LUNENBURG — Over 30,000 Unitil customers in Fitchburg, Ashby, Lunenburg and Townsend rely on both internal and third-party line crews to keep power flowing to their homes and businesses.
To recognize the importance of utility workers, Unitil joined the country in celebrating National Lineman Appreciation Day on April 18. The day commemorating the people who keep the lights and power on was passed by the 113th U.S. Congress following the devastation caused by Hurricane Sandy in 2012.
“We are so appreciative of the work our lineworkers do, especially during storms, so it is only fitting that a national day be set aside marking the important work they do keeping our lights on,” said Alec O’Meara, manager, External Affairs at Unitil.
It is following storm outages when Unitil’s Todd Gauvin and his fellow linemen feel the most appreciated.
“The vast majority of our customers are so grateful when power is restored following a storm; it provides a great deal of satisfaction,” Gauvin said.
Gauvin, who has been with the company for 12 years, said that he and his colleagues really enjoy the work because power is so central to everyday living. He hadn’t planned on getting into the industry, but it was happenstance that led him to a career as a lineman.
The Fitchburg native said it was a conversation with a coworker’s roommate and an economic downturn that plugged him into the utility business. He was finishing up his computer science degree at Fitchburg State University when the dotcom meltdown hit the industry, portending a bleak job market.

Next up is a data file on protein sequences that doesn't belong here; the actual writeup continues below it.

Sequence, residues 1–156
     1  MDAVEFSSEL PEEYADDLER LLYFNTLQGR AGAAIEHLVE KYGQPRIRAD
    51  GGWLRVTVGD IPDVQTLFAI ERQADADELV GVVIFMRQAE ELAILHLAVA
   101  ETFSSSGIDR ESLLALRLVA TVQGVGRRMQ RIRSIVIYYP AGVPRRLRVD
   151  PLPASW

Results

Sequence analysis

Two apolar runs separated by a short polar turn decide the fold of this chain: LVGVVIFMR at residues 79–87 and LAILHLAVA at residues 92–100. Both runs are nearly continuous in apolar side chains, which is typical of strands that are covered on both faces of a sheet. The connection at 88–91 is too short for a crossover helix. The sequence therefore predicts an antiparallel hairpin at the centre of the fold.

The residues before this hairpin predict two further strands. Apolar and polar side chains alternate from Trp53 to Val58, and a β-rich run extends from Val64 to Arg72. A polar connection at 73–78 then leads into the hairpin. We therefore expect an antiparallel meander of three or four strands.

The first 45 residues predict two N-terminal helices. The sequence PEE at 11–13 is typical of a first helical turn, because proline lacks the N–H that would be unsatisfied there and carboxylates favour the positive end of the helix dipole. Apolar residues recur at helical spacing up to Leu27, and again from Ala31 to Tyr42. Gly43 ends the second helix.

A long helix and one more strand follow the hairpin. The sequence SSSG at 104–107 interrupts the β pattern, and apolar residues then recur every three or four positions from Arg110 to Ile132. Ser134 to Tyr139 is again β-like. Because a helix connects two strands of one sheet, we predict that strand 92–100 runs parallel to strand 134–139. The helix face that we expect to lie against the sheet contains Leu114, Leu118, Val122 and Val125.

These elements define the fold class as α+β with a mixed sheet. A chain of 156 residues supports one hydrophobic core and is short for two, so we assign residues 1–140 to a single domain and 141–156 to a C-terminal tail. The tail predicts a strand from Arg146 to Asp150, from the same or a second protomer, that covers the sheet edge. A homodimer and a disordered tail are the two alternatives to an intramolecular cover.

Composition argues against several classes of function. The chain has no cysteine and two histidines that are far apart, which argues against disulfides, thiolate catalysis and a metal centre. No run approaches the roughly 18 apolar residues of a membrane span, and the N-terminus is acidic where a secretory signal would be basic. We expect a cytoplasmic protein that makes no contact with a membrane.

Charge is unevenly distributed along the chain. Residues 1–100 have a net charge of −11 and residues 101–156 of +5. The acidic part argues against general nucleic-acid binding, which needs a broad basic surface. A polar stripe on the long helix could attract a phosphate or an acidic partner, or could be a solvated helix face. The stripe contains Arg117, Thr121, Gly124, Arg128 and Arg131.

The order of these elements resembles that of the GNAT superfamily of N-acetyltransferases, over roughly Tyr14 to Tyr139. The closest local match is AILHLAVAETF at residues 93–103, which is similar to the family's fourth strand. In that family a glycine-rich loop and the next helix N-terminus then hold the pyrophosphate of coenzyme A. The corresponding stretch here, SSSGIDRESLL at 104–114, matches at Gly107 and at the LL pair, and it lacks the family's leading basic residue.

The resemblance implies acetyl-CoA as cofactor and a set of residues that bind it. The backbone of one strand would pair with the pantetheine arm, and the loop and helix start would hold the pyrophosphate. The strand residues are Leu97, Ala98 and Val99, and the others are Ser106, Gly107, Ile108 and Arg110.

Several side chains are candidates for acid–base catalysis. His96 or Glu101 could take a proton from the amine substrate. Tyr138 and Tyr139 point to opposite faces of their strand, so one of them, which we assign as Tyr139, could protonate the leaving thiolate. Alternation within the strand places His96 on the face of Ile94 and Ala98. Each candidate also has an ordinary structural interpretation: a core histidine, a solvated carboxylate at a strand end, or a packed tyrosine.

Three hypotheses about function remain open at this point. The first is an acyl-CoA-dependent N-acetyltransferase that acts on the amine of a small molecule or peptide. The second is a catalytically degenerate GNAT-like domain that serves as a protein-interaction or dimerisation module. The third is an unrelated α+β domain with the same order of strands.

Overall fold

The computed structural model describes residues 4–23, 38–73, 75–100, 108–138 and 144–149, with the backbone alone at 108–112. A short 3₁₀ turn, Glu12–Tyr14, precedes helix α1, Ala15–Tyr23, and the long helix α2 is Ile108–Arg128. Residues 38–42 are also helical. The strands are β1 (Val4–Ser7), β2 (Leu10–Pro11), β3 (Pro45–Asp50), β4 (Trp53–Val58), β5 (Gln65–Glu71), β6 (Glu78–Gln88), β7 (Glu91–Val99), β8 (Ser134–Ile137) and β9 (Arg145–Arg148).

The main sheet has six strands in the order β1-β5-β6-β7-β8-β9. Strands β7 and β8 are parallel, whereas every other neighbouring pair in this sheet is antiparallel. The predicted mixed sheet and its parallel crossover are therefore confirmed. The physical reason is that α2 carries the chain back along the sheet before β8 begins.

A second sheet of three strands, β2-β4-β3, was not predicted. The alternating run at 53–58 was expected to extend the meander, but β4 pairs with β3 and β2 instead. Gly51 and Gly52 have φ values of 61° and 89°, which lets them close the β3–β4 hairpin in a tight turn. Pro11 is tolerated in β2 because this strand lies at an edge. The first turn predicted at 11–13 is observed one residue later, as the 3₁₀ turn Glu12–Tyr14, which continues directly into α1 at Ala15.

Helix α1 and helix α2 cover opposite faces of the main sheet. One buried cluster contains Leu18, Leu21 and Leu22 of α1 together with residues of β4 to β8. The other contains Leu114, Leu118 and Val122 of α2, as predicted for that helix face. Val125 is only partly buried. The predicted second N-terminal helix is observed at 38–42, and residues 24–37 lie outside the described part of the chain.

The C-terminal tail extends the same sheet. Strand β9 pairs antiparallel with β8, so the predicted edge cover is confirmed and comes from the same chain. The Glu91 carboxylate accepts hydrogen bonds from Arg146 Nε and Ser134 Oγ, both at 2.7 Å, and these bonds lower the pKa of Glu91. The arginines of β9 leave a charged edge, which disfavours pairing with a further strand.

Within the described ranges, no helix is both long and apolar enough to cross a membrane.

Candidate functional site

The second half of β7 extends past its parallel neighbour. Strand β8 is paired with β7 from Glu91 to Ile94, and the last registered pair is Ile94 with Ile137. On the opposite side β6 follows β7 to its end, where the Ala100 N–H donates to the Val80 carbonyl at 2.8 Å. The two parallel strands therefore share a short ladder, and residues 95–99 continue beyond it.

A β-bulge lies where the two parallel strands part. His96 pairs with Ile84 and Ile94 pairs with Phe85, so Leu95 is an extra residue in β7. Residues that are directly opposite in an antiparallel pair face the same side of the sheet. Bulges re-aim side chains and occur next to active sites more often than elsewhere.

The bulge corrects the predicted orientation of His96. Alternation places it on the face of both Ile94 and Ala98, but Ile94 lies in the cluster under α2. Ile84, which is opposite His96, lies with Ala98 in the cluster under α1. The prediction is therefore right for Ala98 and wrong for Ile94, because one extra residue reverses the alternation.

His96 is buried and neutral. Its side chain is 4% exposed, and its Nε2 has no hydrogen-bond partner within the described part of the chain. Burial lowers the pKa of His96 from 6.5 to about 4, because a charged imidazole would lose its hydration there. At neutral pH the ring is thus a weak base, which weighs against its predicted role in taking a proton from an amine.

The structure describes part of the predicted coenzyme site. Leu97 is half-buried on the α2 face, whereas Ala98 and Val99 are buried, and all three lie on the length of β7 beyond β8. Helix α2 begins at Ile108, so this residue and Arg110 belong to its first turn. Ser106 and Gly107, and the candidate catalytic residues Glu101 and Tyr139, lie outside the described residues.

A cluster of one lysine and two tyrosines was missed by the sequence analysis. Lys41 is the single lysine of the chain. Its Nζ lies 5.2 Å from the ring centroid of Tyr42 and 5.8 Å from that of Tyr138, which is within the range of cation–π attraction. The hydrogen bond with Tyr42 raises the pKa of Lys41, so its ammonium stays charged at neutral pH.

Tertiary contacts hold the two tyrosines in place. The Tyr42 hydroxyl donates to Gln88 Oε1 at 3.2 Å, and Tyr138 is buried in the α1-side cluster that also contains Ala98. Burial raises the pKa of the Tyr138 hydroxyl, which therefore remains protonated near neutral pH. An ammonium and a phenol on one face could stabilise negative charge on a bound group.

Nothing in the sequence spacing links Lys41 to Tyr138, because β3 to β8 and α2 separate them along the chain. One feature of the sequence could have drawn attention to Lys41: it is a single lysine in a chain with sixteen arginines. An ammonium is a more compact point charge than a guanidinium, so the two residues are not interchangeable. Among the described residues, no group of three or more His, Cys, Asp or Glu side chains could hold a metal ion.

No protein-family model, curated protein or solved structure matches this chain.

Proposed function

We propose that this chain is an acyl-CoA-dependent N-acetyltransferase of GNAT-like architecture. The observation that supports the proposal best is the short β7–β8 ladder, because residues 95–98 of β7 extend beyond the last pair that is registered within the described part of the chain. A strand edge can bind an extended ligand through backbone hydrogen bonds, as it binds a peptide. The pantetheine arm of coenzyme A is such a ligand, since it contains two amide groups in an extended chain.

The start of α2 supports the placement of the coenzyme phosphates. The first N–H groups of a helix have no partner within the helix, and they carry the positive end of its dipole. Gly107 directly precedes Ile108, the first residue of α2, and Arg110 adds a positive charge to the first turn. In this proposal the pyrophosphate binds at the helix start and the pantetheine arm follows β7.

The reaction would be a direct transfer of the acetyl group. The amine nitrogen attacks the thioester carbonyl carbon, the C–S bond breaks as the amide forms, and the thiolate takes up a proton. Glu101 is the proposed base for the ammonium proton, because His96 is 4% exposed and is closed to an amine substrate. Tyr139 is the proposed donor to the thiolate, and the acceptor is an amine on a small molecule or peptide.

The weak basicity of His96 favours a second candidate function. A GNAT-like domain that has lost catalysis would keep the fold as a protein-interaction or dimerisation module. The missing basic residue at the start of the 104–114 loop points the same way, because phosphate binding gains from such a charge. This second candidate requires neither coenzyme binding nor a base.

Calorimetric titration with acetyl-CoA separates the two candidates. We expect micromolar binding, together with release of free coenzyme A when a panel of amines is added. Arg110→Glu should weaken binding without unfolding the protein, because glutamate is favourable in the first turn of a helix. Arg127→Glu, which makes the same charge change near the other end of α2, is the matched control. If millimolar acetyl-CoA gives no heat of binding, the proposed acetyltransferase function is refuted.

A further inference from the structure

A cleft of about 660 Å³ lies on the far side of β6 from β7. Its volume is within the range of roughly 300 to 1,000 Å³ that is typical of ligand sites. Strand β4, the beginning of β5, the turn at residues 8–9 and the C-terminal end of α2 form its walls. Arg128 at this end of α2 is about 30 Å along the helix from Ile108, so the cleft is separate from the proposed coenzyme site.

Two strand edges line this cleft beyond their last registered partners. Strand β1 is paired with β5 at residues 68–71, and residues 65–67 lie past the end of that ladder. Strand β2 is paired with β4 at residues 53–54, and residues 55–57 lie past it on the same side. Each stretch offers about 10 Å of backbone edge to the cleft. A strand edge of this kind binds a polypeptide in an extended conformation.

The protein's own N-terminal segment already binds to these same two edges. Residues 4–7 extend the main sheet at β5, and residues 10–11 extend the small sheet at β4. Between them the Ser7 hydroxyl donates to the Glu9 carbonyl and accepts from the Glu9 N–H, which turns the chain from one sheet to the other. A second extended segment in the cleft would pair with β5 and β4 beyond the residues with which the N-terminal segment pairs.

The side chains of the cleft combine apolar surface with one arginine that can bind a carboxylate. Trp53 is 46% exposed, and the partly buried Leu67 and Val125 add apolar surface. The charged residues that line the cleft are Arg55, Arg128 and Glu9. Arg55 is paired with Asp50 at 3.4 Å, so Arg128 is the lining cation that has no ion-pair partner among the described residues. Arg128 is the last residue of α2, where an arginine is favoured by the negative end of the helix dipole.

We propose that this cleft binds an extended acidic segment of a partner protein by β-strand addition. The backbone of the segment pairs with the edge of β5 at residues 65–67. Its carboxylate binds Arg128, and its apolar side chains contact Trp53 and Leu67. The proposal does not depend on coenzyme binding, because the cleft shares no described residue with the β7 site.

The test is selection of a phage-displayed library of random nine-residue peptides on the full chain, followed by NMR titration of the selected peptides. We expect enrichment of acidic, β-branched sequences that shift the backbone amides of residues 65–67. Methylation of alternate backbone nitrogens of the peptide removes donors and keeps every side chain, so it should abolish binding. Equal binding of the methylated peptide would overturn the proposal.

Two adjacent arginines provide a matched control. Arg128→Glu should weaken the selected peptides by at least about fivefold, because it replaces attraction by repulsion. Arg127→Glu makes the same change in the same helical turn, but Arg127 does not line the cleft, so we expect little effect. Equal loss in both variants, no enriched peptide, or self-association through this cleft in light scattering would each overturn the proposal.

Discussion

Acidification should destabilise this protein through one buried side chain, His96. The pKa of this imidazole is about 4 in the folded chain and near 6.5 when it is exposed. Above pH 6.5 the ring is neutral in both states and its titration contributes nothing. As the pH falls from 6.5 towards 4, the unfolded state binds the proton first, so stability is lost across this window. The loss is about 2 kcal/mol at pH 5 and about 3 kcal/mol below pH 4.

Gauvin was working full-time at a warehouse when a coworker’s roommate shared with him that he just graduated from an apprenticeship program to become a lineman. “It seemed like a great career option,” Gauvin said. He signed up for the same program through the International Brotherhood of Electrical Workers, which prepares apprentices to become a journeyman lineman.
After taking an aptitude test, IBEW set Gauvin up with paid on-the-job training, at-home study, and classroom instruction, which took about 7,000 hours over 3 ½ years to complete. “My training was with a third-party independent contractor that specialized in building new construction electrical systems for a large regional utility company,” Gauvin said. He ended up staying with the company for 10 years before joining Unitil. Gauvin also added that he was able to complete the program in less time due to accruing so many hours during the five weeks spent in New Orleans restoring power after Hurricane Katrina.
“It is rewarding and I definitely enjoy the work, especially being outdoors on most days,” Gauvin said. “It can also be challenging on cold days or when we must go out late at night or weekends, but there is a great deal of satisfaction that comes from keeping the power flowing 24 hours a day, 365 days a year.”